A transcript of conversations made in this way, with reporters desperately trying to get their subjects to answer questions, and the subjects smoothly deflecting them, can look very trite to someone who reads it carefully. But that's not the important thing, since the person who reads it carefully is not the real audience. The real audience needs the repetition of the main points, because only after that will the information get into their heads.
One example of this was a debate done between a candidate and his opponent. The candidate's big point is that the state now had a $1.7 billion deficit crisis. The dialogue went something like this:
Moderator: What are your views on education?
Candidate: Well, education is a very important subject, and it's in crisis because of the $1.7 billion dollar deficit we have ... my priority is to clean that up.
Moderator: What are your views on health care?
Candidate: Well, health care is a very important subject, and it's in crisis because of the $1.7 billion dollar deficit we have ... my priority is to clean that up.
By the end of the debate, the audience was bored and the moderator was fuming - but the real audience, the people reading the newspaper or checking a snippet of the debate on TV, gained one quote from it, exactly the message that he wanted to put across: We have a $1.7 billion deficit, and it's not going away without my help.
Don't point. If you're pointing, you are lecturing somebody and you're mean.
Don't close your hands or make a fist.
What does an audience remember?
Networking is organizing your personal contacts and their contacts.
The ultimate goal is to foster friendships and create a mutual help network. For instance, I produce video reports of Free Republic events, so I have good contacts such as RonDog and Ted Hayes. So if I need a good deal on a new car, or if I need to meet the Mayor, I know where to go to meet those needs.
It is best done with a spirit of helping people. If you try to find out "What can I get out of this?" you won't get much of anywhere. You have to give in order to get.
When you recieve help that can save your life - a new job, introduction to a new girlfriend, etc., it will come from a single, identifiable person. The problem is that you won't know who that person is until the help is given. So you have to spread your own favours around in hopes that you are remembered.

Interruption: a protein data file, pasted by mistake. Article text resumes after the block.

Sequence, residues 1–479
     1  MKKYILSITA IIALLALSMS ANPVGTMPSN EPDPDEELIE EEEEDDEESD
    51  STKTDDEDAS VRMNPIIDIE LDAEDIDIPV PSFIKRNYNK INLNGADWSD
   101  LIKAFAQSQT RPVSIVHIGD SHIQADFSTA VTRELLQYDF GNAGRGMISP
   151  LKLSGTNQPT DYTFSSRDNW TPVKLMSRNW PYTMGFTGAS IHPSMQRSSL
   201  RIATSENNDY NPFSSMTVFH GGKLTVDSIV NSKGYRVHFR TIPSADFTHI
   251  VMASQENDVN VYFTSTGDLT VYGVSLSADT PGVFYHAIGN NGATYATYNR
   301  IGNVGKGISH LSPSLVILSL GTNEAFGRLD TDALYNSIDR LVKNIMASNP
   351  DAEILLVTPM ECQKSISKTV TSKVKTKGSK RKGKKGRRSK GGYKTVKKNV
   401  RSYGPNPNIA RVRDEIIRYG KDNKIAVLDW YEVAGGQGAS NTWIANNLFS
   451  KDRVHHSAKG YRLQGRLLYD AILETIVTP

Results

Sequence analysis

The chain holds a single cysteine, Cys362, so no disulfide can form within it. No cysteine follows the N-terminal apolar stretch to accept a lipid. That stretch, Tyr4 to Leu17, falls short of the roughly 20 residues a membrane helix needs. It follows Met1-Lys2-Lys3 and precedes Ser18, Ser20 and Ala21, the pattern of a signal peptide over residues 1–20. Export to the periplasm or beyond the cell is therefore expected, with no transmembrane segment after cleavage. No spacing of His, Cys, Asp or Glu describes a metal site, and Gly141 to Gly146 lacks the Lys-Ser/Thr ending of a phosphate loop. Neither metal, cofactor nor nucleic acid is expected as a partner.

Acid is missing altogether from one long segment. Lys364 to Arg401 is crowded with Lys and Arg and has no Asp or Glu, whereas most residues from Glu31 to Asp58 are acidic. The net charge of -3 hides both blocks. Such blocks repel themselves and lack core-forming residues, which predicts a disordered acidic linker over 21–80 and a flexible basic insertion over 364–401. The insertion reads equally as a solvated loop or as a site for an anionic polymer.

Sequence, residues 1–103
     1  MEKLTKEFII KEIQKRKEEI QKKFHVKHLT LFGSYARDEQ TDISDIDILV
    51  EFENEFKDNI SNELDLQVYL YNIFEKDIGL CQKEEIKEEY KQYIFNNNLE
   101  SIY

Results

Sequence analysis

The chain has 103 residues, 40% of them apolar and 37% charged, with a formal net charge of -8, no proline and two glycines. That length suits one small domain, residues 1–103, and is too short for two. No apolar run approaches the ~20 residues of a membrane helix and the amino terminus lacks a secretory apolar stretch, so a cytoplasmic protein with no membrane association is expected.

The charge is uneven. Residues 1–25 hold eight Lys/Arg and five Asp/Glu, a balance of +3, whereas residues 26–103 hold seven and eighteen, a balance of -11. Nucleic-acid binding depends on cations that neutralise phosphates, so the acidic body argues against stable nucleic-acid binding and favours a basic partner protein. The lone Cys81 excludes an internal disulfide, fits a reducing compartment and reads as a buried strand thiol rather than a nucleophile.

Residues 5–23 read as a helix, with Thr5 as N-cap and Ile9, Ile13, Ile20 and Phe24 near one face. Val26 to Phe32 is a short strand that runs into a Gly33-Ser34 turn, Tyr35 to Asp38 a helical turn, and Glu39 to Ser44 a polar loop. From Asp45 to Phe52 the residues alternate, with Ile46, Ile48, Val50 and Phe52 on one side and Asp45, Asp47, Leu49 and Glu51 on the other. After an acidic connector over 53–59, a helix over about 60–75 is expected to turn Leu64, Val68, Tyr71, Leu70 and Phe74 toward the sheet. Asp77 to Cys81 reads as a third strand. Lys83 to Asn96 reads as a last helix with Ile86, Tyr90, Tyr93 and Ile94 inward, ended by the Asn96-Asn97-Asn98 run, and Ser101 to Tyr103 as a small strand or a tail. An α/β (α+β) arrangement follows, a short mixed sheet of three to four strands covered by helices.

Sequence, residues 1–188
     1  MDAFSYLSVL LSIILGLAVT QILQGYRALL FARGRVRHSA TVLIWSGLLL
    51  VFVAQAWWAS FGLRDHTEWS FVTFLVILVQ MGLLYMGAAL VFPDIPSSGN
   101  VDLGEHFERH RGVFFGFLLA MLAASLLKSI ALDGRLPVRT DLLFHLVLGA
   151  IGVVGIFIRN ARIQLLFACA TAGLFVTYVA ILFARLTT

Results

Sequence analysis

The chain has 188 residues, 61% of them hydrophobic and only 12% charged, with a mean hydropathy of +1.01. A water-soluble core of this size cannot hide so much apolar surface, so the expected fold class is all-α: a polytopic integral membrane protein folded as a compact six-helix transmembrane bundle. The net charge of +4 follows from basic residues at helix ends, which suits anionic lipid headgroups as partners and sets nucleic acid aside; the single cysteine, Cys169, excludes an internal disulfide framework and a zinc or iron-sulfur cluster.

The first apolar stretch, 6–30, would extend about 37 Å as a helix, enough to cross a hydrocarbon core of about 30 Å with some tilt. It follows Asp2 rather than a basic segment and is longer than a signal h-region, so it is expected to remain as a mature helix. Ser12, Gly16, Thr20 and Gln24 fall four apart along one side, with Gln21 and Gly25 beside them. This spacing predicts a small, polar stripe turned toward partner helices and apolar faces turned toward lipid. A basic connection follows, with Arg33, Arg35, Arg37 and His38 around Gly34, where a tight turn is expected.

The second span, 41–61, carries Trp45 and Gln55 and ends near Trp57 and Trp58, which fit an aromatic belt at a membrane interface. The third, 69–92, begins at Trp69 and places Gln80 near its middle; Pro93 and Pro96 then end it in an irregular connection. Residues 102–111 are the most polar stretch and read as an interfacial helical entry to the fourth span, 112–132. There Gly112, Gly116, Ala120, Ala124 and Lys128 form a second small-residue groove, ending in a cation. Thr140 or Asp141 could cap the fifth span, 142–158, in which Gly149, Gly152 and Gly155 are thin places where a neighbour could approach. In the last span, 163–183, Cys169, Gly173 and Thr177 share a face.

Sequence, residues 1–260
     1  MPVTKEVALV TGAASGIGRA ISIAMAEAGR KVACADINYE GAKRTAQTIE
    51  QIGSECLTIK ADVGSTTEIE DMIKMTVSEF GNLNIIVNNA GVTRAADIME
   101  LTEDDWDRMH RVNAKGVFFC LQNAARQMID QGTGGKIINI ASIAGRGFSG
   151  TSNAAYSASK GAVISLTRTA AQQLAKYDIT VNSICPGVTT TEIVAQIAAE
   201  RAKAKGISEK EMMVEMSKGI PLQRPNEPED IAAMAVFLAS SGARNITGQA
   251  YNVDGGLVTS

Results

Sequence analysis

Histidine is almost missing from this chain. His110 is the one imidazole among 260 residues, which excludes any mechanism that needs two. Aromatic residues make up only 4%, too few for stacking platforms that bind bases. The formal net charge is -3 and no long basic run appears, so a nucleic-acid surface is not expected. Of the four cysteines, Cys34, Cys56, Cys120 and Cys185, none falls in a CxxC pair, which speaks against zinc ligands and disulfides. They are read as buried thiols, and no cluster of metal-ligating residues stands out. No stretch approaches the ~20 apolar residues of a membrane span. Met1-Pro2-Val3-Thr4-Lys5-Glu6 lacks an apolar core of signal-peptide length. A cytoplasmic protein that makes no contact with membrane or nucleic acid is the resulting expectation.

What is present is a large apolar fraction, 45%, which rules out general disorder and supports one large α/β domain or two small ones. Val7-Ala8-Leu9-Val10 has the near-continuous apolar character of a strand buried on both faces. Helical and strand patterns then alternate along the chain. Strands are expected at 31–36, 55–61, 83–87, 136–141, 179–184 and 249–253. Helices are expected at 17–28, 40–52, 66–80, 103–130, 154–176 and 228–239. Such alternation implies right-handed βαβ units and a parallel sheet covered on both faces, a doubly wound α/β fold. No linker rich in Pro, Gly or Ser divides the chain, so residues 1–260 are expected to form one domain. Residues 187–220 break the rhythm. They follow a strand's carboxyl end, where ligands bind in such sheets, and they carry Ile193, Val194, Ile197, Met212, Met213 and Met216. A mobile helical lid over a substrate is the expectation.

You can find people to network with at work, but you will want to go with them to the bar after work, where people let their hair down and socialize informally. A lot of business is done in these informal settings, and it will be easier to get the information you need to network successfully.
For example, if your boss is an avid videographer, talking to him about video instead of your company's business will create a rapport that will significantly improve his view of you. This will help when you need a favour from him, such as an introduction to other important contacts.
You can generally find out about these outside interests in informal conversation, as in the bar, or (for someone you don't know yet) by asking his secretary or personal assistant.
You need to get in touch with your networking contacts at least once every three months. A database program that allows you to sort by contact date is mandatory. You also need a bunch of networking fields, such as birthday (sending a card can deliver handsome dividends), contact information, connections (what people they know), family (always ask about the wife and kids), educaiton, affiliations, special interests, career history, accomplishments, and anything particularly impressive.
All politics is personal; that's why door to door canvassing is the best way to campaign. One day of canvassing is the equivalent of a $1,000 contribution, because it's very hard to turn someone down with his foot in the door.
Often people are afraid to ask people things necessary for networking, like your favourite foods or interests. Rest assured that most people like to be asked. And there is an old saying: If you don't ask, you don't get. If you want a political contribution, you gotta ask. If you want a political favour, you gotta ask. Get used to asking.